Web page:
The Montana Rule Exceptions and the Tribal Court Exhaustion Doctrine

The Montana rule has two important exceptions that provide tribal courts with an opportunity to exercise jurisdiction. As stated above, the Montana rule provides that tribal courts do not have jurisdiction if (1) the defendant is a non-Indian, and (2) the event or transaction occurred on land located within a reservation, but privately owned in fee title.[7]

The exceptions to the Montana rule provide that a tribal court will have jurisdiction if (1) the non-Indian entered contractual or other relationships with the tribe or tribal members; or (2) the claim asserted effects the political, economic, or welfare interests of the tribe.[8] Again, these exceptions protect tribal sovereignty, and the policy of tribal self-determination, by respecting the authority of the tribal court to determine its own jurisdiction.

Other Exceptions to the Tribal Court Exhaustion Doctrine

Two other exceptions to the tribal court exhaustion doctrine exist. Unlike the Montana exceptions, however, these exceptions give jurisdiction to the federal courts, rather than to tribal courts.

The first of these exceptions is federal preemption. When Congress enacts a law that regulates a field on a national basis, such as the Clean Water Act, the law preempts (or “trumps”) any state or local law that is inconsistent with the federal law. This preemption also applies to the tribes, and the federal courts can take jurisdiction without deferring to a tribal court.[9]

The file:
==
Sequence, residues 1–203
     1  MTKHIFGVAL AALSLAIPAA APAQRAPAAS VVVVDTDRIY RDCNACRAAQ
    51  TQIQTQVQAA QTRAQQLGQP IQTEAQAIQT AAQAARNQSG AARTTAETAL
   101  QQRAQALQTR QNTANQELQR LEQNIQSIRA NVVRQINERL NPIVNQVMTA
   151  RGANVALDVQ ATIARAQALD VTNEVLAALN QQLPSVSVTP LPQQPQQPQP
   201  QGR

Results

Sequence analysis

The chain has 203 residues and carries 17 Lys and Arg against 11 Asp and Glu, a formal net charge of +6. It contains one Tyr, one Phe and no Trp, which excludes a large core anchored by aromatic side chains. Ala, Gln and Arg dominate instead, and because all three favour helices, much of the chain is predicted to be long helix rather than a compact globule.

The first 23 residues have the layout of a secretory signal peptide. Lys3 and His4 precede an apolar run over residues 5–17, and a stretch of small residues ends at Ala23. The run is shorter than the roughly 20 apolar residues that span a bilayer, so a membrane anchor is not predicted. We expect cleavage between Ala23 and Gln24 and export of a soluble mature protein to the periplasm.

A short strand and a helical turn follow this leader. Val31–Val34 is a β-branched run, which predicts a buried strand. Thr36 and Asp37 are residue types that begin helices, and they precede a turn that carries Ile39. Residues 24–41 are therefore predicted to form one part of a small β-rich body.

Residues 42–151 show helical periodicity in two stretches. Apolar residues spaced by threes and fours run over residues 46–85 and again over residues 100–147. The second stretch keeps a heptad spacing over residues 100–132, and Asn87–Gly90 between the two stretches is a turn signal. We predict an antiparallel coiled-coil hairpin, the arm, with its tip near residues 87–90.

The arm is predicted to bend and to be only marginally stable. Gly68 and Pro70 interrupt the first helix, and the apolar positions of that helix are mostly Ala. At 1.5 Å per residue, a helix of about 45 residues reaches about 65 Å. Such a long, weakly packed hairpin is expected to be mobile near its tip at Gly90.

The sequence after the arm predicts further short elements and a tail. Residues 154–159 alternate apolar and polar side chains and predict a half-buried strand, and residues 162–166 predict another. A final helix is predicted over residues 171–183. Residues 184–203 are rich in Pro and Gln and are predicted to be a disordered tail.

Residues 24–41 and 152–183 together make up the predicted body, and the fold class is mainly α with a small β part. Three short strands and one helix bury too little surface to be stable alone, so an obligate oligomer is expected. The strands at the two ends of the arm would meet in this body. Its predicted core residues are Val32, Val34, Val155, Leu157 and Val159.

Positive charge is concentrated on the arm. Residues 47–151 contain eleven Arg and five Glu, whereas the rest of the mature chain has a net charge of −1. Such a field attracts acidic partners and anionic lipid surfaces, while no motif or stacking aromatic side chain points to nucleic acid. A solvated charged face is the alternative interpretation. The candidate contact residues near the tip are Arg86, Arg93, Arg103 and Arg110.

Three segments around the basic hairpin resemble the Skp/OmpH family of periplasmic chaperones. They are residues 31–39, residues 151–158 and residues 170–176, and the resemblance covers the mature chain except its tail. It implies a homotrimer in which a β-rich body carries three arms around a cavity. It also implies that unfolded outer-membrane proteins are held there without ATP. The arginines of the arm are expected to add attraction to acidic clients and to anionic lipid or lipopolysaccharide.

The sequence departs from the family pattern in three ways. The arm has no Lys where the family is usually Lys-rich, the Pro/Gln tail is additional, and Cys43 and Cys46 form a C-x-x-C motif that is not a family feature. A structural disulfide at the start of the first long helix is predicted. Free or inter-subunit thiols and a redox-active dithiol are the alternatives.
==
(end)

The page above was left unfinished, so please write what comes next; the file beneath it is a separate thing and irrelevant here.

Finally, the exhaustion doctrine will not apply if the tribal court does not allow the non-Indian defendant an opportunity to challenge the tribal court’s jurisdiction.[10] Thus, a tribal court cannot simply declare its jurisdiction without considering the issue.


To some, the tribal court exhaustion doctrine may mean litigating in an unfamiliar court, but the doctrine is designed to respect and protect well-established principles of tribal sovereignty and is supported by the federal policy of tribal self-determination. From a legal perspective, the exhaustion doctrine and its deference to tribal courts has become a necessary aspect of managing the jurisdictional relationship between the courts of three sovereigns—tribal, federal, and state.

We hope that this discussion has been informative and helpful, but it should not be taken as legal advice or establishing an attorney-client relationship. For more information on the legal services offered by the Law Office of James D. Griffith, P.L.L.C., please call (480) 275-8738 or use the “Contact Us” page on our website.


[1] Dolgencorp, Inc. v. Mississippi Band of Choctaw Indians, No. 12-60668, 2013 U.S. App. LEXIS 20307 (5th Cir. Oct. 3, 2013).

[2] Johnson v. McIntosh, 21 U.S. 543, 573 (1823); Cherokee Nation v. Georgia, 30 U.S. 1, 16-17 (1831); Worcester v. Georgia, 31 U.S. 515, 559 (1832).

[3] Williams v. Lee, 358 U.S. 217 (1959). The term “Indian country” refers to Indian reservations, pueblos, dependent Indian communities, Indian allotments, and certain other areas that may be off-reservation but are close to and often largely populated by Indians. 18 U.S.C. § 1151.

[4] Montana v. United States, 450 U.S. 544 (1981). In these cases, the land involved is not held in trust by the federal government for the Indian tribe, but instead is owned privately and is subject to state law.

[5] Nat’l Farmers Union Ins. Cos. v. Crow Tribe, 471 U.S. 845, 855-6 (1985).

[6] Id. 471 at 856-7; see also Iowa Mut. Ins. Co. v. LaPlante, 480 U.S. 9, 19 (1987) (holding that a tribal court finding of tribal jurisdiction can be challenged in federal court and that the federal court will review the jurisdictional issue de novo).

[7] Montana, 450 U.S. at 564-66.

[8] Id.

[9] Nat’l Farmers Union, 471 U.S. at n.21.

[10] Id.; see also El Paso Natural Gas Co. v. Neztsosie, 526 U.S. 473, 484-488 (1999).